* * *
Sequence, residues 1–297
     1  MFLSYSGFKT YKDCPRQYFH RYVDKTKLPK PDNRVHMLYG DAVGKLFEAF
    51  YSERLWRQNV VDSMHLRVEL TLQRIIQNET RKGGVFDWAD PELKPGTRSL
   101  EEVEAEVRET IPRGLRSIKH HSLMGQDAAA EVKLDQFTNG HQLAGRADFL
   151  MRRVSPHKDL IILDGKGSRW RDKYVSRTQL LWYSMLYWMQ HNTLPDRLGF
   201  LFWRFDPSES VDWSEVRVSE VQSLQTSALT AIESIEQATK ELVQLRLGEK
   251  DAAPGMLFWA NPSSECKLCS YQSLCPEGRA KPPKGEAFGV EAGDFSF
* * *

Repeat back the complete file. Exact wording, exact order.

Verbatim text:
Sequence, residues 1–297
     1  MFLSYSGFKT YKDCPRQYFH RYVDKTKLPK PDNRVHMLYG DAVGKLFEAF
    51  YSERLWRQNV VDSMHLRVEL TLQRIIQNET RKGGVFDWAD PELKPGTRSL
   101  EEVEAEVRET IPRGLRSIKH HSLMGQDAAA EVKLDQFTNG HQLAGRADFL
   151  MRRVSPHKDL IILDGKGSRW RDKYVSRTQL LWYSMLYWMQ HNTLPDRLGF
   201  LFWRFDPSES VDWSEVRVSE VQSLQTSALT AIESIEQATK ELVQLRLGEK
   251  DAAPGMLFWA NPSSECKLCS YQSLCPEGRA KPPKGEAFGV EAGDFSF